|The US current-account deficit—the combined balances on trade in goods and services, income, and net unilateral current transfers— increased to $475.0bn (preliminary) in 2012 from $465.9bn in 2011. As a percentage of US GDP, the deficit decreased to 3.0% in 2012 from 3.1% in 2011.|
Dr Peter Morici:
President Obama is
betting a lot on free trade. Recently, he has agreed to open talks for mega
trade deals with the European Union and Japan in hopes of jump-starting growth
in both places and boosting US exports and jobs. However, far from an elixir,
free trade has been a rock on the back of the US economy and American workers,
and the Obama strategy will only make things worse.
blackboards where economists theorize, free trade is a compelling idea-let each
nation do more of what it does best, and international commerce will raise
national productivity and incomes. But these benefits are not guaranteed if a
few big nations can cheat on the rules.
The World Trade
Organization has greatly reduced tariffs, export subsidies, and barriers to
trade posed by domestic polices, such as biases in government procurement and
discriminatory product standards. In addition, US deals with Mexico, Canada,
South Korea, and other small nations have reduced tariffs on bilateral trade to
zero and eliminated even more non-tariff barriers.
For these rules
to optimize specialization, productivity and incomes, exchange rates between
national currencies must adjust to reasonably reflect production costs and
facilitate balanced trade. To buy Chinese television sets and smartphones,
Americans must sell enough industrial machinery and software in China or US
are established in currency markets, created by businesses trading through major
financial institutions. Unfortunately, China and Japan have blatantly
manipulated these markets, without a credible US response and with ruinous
consequences for US workers.
Minister Abe has managed to push down the yen 23% from its value last
August and that is worth more than $2000 on every Toyota sold in the United
States. The Japanese automaker can put that cash into additional vehicle
content, advertising, and discounts making a mockery out of fair competition
with Ford and GM.
troubles in southern Europe have motivated investors to move cash into US
Treasuries and stocks and suppressed the value of the euro against the dollar-to
the great advantage of German exporters. Paradoxically, austerity policies for
the Mediterranean states, championed by Angela Merkel, are doing more to boost
German exports than resurrect those ailing economies.
With the three
largest US competitors enjoying undervalued currencies, it is no surprise the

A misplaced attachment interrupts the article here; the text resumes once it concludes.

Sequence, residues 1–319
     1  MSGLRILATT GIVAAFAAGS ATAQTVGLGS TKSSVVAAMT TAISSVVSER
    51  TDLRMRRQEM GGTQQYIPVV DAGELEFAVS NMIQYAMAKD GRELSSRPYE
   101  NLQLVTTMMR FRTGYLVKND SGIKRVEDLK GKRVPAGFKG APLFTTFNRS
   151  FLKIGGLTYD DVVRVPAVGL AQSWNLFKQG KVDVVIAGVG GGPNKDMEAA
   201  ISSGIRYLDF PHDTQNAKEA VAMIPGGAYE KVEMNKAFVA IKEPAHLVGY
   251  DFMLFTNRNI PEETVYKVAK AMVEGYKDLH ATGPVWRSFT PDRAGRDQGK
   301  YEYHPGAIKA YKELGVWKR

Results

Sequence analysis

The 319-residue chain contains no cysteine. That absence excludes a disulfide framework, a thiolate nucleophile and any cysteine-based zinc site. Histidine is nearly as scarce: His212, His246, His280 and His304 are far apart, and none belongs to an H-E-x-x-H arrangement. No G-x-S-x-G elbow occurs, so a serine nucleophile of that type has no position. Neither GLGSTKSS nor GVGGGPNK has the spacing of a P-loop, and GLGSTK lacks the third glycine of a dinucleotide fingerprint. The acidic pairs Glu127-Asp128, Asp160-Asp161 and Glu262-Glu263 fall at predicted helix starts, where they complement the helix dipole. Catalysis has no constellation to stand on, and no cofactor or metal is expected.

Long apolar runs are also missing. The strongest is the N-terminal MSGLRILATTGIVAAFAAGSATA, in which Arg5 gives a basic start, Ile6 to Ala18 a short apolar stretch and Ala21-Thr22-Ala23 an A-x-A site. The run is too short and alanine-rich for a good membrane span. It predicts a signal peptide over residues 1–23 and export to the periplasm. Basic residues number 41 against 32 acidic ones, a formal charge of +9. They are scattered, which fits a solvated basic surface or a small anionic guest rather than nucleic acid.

United States suffers from chronic, large trade deficits.
The United States exports
$2.2tn in goods and services
annually, and these finance a like amount of imports. This raises US gross
domestic product by about $235bn, because workers are a bit
more than 10% more productive in export industries, such as software,
than in import-competing industries, such as apparel.
US imports exceed exports by another $500bn and that reduces demand for US-made goods and services. With multiplier effects, the trade deficit is
slashing at least $800bn off GDP.
Many US workers
are pushed from high-paying jobs, not because they can't compete, but because
the Administration fails to take a tough stand against currency manipulation.
And as many as 8 million workers can find no work at all, because of misguided
US trade policies, and wages remain depressed.
manufacturers have petitioned President Obama, and his predecessors, to take
action-and economists spanning the ideological spectrum have suggested
substantive measures that could combat currency manipulation and misaligned
Administration has complained to China and Japan about currency manipulation but
after years of US inaction, they simply ignore US warnings.
Administration continues to negotiate trade pacts that open US markets to
foreign competition but lack specific rules and penalties to address currency
manipulation. Until an American president is willing to ensure free trade in
goods is matched by free trade in currencies, the US economy will endure anemic growth and workers will suffer high unemployment and low wages.
Professor, Robert H. Smith School of Business, University of Maryland,
College Park, MD 20742-1815,
703 549 4338 Phone
703 618 4338 Cell Phone
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